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Posts Tagged ‘cybersecurity’

Improve Account Security by Enabling Multifactor Authentication

Tuesday, May 17th, 2022

This month, the Cybersecurity and Infrastructure Security Agency (CISA) launched an initiative called MFA May to encourage individuals and businesses to enable multifactor authentication for their accounts. This article defines multifactor authentication and explains why organizations should implement it to improve the security of their accounts.

multifactor authentication

 

What is Multifactor Authentication?

Multifactor authentication requires users to present two or more credentials to log in to their accounts. Multifactor authentication is sometimes called two-factor authentication for this reason. The first factor required is a typical username and password. The second factor is usually a code contained within a text, email, or push notification. The user must enter this numerical code to confirm that they are logging into the account. Sometimes an authenticator application is used to generate the code. Instead of a numerical code, the second factor could be a biometric marker like a thumbprint scan.

By requiring a second piece of information to log in to an account, multifactor authentication increases the security of accounts. Even if a hacker gets ahold of your password, they will be unable to log in to an account without the second piece of authentication.

How Multifactor Authentication can Stop Cybercriminals

As you can tell, multifactor authentication is an effective tool for limiting account access. A study by Microsoft found that users who enable multifactor authentication for their accounts will block 99 percent of automated attacks.

It is easier than ever before for hackers to acquire users’ passwords. Data breaches compromise millions of account credentials each year, which can be purchased on the dark web for pennies. Hackers can also use dictionary attacks to guess simple passwords using computer technology. Lastly, users may unwittingly hand over their credentials to a malicious actor during a phishing attack.

However, administrators can stop these attacks by enabling multifactor authentication. Even if a hacker knows your password, they will be unable to access your account without that second piece of information.

How to Enable Multifactor Authentication

Many vendors now offer multifactor authentication. We recommend enabling it as often as possible, especially for sensitive accounts like email, financial accounts, and medical records.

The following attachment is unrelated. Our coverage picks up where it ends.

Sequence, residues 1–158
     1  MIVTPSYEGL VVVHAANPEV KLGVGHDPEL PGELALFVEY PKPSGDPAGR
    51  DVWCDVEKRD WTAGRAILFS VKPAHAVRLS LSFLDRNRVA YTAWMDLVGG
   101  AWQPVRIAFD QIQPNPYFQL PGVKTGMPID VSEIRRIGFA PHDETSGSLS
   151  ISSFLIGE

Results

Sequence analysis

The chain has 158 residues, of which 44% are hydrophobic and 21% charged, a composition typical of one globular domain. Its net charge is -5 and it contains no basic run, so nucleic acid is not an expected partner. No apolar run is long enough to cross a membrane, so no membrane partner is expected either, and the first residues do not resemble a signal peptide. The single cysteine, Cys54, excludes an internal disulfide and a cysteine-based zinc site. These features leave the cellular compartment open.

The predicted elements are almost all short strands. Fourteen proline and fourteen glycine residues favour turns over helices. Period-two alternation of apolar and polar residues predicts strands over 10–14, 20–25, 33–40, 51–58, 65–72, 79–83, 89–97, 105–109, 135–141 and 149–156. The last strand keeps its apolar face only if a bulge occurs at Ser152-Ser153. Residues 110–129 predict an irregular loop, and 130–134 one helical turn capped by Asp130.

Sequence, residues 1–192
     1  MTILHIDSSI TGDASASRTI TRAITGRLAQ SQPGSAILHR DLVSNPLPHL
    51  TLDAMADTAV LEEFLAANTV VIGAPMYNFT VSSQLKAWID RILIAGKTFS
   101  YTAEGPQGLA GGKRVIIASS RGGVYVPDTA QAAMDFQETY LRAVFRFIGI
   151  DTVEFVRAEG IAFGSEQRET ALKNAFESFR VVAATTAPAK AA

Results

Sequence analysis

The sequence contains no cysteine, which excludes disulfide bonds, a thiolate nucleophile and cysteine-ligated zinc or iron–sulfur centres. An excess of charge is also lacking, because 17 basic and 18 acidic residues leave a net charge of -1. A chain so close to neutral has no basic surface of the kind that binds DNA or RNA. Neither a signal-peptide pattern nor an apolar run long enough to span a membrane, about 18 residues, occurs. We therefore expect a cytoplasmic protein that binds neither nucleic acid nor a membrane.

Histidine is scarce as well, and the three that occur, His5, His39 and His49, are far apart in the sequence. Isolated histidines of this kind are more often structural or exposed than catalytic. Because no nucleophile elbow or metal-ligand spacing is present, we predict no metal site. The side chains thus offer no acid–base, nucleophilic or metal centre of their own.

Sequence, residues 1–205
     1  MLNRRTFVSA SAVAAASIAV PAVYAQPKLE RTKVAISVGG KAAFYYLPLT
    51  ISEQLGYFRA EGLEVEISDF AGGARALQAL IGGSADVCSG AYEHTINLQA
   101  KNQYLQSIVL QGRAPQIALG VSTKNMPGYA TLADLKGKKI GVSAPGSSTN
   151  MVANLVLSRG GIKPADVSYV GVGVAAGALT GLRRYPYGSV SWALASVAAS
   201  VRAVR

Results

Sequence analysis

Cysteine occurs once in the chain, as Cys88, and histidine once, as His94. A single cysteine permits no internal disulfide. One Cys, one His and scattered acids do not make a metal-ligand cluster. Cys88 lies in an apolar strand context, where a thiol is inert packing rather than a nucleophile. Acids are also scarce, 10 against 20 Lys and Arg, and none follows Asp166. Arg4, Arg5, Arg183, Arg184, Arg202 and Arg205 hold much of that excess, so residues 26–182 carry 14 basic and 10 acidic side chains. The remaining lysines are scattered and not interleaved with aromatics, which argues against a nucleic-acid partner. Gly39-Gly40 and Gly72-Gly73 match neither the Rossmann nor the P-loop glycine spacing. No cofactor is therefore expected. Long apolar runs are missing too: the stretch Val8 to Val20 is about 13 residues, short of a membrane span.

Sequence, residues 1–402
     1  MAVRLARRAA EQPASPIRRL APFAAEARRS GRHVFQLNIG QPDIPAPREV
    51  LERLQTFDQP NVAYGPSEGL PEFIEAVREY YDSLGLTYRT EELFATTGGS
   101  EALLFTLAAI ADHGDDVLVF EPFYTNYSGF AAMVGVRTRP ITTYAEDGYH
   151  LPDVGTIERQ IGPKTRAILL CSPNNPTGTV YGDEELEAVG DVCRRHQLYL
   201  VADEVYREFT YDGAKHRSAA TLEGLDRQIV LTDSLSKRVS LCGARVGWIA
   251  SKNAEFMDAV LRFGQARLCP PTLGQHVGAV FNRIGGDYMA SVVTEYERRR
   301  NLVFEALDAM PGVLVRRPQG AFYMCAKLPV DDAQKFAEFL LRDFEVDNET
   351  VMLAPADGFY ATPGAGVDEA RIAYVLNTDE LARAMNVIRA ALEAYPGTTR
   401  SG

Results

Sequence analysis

LuxSci has offered options for multifactor authentication to our users for over a decade. Users have the flexibility to choose the second option for authentication. They can choose to send a token to an alternate email address or enable a third-party app like DuoSecurity or Google authenticator to validate their identities. Please contact our support team to learn more about enabling multifactor authentication on your LuxSci account.

Conclusion: Why Use Multifactor Authentication

Cyber threats are increasing across all industries. Although HIPAA does not yet require users to implement multifactor authentication, security experts strongly recommend it. Enabling multifactor authentication is an inexpensive and effective way to improve your security posture. Although users may object to the extra step, enforcing multifactor authentication as an administrator is a smart move.

What is Cyber Insurance?

Tuesday, March 1st, 2022

As cyberattacks are increasing in frequency, many organizations have come to view them as inevitable. Even organizations that have a strong cybersecurity program can be impacted by a zero-day vulnerability or employee errors. Cyber insurance helps limit the impact of a cyberattack by helping organizations recover the costs. Cyber insurance is not a replacement for a comprehensive cybersecurity program. In fact, many cyber liability insurance policies require organizations to take steps to secure sensitive information.

cyber insurance

Who Needs Cyber Insurance?